Sinope is generally considered a member of the Pasiphae group, a family of Jovian satellites which have similar orbits and are therefore thought to have a common origin. However, there is some uncertainty about whether Sinope belongs in this group or not.
Most or all of the Pasiphae satellites are thought to have begun as a single asteroid that, after being captured by Jupiter's gravity, suffered a collision which broke off a number of pieces. The bulk of the original asteroid survived as the moon called Pasiphae, and the other pieces became some or all of the other moons in the group.
All of the Pasiphae moons are retrograde, so they orbit Jupiter in the opposite direction from the planet's rotation. Their orbits are also eccentric (elliptical rather than circular) and highly inclined with respect to Jupiter's equatorial plane. All of these characteristics support the idea that the Pasiphae satellites began as one or more captured asteroids, rather than forming as part of the original Jupiter system.
Compared to Jupiter's other satellite groups, confidence is lower that all the moons in the Pasiphae group originated in a single collision. This is due to differences in color (varying from red to gray), and differences in orbital eccentricity and inclination among the members of the Pasiphae group. Sinope, in particular, is suspected of starting out as an independent asteroid.
Both Pasiphae and Sinope are locked in secular resonances with Jupiter, which means that Jupiter's gravity tugs at them at regular intervals in a way that can modify their orbits over time. This could account for the differences in their orbits compared to each other and to other presumed members of the Pasiphae group.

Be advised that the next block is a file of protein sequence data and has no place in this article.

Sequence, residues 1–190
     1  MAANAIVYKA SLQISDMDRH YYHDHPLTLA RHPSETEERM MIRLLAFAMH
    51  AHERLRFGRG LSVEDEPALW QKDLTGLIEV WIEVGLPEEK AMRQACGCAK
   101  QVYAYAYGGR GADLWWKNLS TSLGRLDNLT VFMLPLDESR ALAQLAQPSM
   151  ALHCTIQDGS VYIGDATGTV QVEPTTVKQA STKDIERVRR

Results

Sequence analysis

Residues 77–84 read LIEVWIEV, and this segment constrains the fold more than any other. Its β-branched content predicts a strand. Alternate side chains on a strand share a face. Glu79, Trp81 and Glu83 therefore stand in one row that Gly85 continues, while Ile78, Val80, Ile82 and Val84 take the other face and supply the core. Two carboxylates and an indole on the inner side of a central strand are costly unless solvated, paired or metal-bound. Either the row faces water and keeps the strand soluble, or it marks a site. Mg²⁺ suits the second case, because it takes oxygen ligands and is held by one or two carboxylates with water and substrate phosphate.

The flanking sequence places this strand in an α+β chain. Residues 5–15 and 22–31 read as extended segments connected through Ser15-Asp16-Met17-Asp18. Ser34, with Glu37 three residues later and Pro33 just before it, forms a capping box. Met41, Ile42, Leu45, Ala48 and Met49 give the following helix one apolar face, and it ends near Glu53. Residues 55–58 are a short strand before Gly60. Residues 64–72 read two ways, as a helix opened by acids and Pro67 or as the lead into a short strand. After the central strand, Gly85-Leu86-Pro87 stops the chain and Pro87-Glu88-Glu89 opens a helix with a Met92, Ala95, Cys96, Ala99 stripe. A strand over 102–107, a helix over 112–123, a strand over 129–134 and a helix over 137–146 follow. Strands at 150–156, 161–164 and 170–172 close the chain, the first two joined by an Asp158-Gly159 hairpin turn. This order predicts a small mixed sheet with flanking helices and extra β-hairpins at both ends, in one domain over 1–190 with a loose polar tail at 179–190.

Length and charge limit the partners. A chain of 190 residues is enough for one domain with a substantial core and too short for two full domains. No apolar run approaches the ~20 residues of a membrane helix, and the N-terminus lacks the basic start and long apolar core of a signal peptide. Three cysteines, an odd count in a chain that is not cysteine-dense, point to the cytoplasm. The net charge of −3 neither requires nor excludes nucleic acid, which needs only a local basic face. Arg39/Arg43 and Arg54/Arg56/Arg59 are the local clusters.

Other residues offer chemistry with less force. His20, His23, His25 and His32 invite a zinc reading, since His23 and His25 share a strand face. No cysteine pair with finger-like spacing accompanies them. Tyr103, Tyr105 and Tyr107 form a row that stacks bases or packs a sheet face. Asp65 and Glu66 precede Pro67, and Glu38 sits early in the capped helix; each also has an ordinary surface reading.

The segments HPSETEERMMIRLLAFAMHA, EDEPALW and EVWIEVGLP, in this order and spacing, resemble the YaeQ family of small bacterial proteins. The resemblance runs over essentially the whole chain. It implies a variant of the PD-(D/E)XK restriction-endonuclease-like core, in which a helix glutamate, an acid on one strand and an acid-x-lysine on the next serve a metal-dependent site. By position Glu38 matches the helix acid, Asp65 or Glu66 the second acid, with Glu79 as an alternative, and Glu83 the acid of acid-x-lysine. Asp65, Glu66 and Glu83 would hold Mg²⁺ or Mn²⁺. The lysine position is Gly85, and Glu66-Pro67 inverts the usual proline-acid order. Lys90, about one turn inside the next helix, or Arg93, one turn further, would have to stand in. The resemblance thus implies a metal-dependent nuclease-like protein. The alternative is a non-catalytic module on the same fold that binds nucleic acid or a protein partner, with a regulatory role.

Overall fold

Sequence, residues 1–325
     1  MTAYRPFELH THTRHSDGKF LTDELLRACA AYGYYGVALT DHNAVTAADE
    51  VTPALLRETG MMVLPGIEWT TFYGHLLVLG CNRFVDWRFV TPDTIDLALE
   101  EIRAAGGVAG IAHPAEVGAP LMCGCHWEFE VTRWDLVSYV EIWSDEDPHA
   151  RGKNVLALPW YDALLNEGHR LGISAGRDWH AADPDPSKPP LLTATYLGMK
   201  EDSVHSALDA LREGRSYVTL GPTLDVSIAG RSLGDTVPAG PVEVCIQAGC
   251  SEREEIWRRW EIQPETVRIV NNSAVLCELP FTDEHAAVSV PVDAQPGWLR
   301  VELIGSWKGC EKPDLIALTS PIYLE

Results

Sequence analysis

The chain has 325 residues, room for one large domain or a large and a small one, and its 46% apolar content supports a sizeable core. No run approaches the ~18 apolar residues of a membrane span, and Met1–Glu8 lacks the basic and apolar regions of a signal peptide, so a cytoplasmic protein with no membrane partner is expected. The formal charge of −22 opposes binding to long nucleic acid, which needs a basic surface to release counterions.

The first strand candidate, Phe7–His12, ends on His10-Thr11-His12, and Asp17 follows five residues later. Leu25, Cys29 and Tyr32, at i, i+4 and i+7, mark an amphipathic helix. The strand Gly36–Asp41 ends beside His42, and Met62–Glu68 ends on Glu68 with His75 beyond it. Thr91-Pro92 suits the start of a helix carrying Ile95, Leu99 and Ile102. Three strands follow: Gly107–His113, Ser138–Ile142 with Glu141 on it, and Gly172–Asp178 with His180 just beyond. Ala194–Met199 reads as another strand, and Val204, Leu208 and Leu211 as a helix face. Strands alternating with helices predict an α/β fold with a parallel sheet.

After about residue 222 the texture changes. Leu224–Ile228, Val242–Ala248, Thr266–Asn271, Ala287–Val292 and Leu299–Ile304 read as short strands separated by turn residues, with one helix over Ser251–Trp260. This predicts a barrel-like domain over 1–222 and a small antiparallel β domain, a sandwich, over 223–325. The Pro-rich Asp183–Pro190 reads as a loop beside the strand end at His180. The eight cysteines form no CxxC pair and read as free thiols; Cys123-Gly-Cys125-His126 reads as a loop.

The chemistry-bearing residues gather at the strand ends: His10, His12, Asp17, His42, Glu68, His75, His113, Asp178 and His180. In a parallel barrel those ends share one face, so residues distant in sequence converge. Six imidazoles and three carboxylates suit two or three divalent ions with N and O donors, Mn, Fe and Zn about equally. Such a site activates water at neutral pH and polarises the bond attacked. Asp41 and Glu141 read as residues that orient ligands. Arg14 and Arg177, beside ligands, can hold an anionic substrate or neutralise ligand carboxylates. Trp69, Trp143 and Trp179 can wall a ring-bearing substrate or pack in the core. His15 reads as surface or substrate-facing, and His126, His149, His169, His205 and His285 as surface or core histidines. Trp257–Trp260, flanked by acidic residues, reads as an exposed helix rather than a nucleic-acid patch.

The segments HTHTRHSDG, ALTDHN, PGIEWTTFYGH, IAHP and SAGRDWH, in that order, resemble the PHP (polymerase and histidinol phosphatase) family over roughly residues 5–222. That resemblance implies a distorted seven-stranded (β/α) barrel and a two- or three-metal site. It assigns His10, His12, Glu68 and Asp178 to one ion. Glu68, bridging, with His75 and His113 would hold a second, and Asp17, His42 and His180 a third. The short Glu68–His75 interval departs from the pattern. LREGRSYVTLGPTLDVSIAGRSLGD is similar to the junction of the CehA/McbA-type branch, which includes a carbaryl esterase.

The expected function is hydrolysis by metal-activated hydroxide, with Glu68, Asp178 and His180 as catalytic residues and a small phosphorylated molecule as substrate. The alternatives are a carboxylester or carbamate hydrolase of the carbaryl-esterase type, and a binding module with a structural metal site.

If Sinope does not belong in the Pasiphae group, then the individual moon called Pasiphae retains 99% of the mass of the original asteroid. If Sinope is included, Pasiphae still retains the lion's share: 87% of the original mass. None of the Pasiphae members is massive enough to pull itself into a sphere, so they are probably all irregularly shaped.
Sinope has a mean radius of 19 km, assuming an albedo of 0.04. At a mean distance of about 23.9 million km from Jupiter, the satellite takes about 759 Earth days to complete one orbit.
Sinope was discovered on 21 July 1914 by Seth Barnes Nicholson on photographic plates taken with the Lick Observatory's 36-inch (0.9 meter) telescope.
How Sinope Got its Name:
Sinope was named for a nymph who outsmarted a smitten Zeus (the Greek equivalent of the Roman god Jupiter). Hoping to win her favor, he offered her anything she wanted and she replied that what she wanted was to remain a virgin. Sinope outsmarted Apollo in the same way.